Friday, January 13, 2006

Start Selling the Lobby

Mike sent me this link yesterday about the relator's association as they attempt to create barriers to entry in their area of expertise. Thankfully, they are having trouble.

The Justice Department sued the association last year, asserting that the group's rules for online property listings discriminate against Internet-based brokers. Battles have also raged in the states as realtor organizations pursued policies that opponents say would hurt discount brokers. The Consumer Federation of America is revving up to fight any such industry-sponsored legislation state by state in coming months.

This is all great stuff. Belated, but great. My only problem is that people don't seem to be getting an good overarching message from the trend. The biggest message people seem to be getting is "The industry could be more competitive" or "Finally, someone is standing up to that nasty lobby." A better lesson would be, "This is what happens when we let lobbies get out of hand. Let's try to create some overarching rules to diminish capacity." In other words, it's not just the lobby. More generally, it's whom the lobbies are lobbying. You focus so much on hamstringing one faction, another will just take it's place.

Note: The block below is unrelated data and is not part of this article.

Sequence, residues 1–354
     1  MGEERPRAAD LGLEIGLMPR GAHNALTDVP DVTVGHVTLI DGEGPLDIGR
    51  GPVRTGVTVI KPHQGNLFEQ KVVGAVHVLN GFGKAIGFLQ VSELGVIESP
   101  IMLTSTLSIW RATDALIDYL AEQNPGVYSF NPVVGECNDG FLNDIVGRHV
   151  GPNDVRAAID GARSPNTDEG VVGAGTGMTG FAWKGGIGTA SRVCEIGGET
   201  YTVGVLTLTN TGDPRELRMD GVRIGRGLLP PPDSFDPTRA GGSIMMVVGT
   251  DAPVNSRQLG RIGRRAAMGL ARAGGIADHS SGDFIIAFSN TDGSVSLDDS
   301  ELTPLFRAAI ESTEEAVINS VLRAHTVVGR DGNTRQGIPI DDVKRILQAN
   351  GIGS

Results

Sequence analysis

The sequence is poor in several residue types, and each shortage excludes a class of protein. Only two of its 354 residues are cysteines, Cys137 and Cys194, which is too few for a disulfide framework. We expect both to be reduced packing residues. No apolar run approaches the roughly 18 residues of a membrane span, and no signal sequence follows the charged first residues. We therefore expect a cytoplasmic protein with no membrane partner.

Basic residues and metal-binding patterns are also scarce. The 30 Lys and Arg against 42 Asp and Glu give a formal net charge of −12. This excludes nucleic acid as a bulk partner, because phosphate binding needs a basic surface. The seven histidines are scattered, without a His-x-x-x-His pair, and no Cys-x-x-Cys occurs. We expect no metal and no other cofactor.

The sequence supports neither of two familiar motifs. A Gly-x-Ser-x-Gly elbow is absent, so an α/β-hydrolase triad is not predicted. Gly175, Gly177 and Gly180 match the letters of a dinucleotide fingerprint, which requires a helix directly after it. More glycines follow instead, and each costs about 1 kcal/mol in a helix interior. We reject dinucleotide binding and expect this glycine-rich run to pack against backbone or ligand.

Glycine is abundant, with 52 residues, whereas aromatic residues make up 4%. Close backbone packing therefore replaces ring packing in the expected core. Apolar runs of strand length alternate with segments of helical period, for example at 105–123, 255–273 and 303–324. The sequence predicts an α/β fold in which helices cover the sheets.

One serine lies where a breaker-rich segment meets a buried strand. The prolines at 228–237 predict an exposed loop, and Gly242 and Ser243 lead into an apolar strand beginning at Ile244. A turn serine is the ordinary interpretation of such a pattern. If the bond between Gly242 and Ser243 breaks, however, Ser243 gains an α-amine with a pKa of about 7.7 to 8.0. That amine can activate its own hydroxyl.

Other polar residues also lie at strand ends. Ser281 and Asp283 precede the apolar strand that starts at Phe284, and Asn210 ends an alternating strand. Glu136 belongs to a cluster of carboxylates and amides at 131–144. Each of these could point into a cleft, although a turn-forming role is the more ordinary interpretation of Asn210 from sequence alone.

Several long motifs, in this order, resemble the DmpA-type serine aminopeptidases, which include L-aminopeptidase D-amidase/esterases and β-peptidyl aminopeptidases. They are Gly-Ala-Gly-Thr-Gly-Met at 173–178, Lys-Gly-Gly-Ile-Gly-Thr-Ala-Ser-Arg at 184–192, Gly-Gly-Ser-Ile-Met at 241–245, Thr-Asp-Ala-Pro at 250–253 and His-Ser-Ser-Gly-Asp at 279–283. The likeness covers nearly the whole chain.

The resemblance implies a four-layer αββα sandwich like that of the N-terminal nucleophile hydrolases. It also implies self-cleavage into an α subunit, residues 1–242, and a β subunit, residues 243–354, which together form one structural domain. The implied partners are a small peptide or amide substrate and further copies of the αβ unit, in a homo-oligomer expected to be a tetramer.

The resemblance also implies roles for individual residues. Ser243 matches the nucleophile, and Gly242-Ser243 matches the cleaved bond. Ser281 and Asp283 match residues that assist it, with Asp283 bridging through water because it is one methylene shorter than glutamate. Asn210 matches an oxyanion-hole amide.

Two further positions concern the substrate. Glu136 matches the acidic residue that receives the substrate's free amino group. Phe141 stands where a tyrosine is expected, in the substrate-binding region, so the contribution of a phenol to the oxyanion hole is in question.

I'd like to see more talk about how to limit faction influence, like denying Congress from creating certain laws (such as those that restrict entry), but until the public grasps this big picture lesson, such a limitation is little more than a pipe dream.

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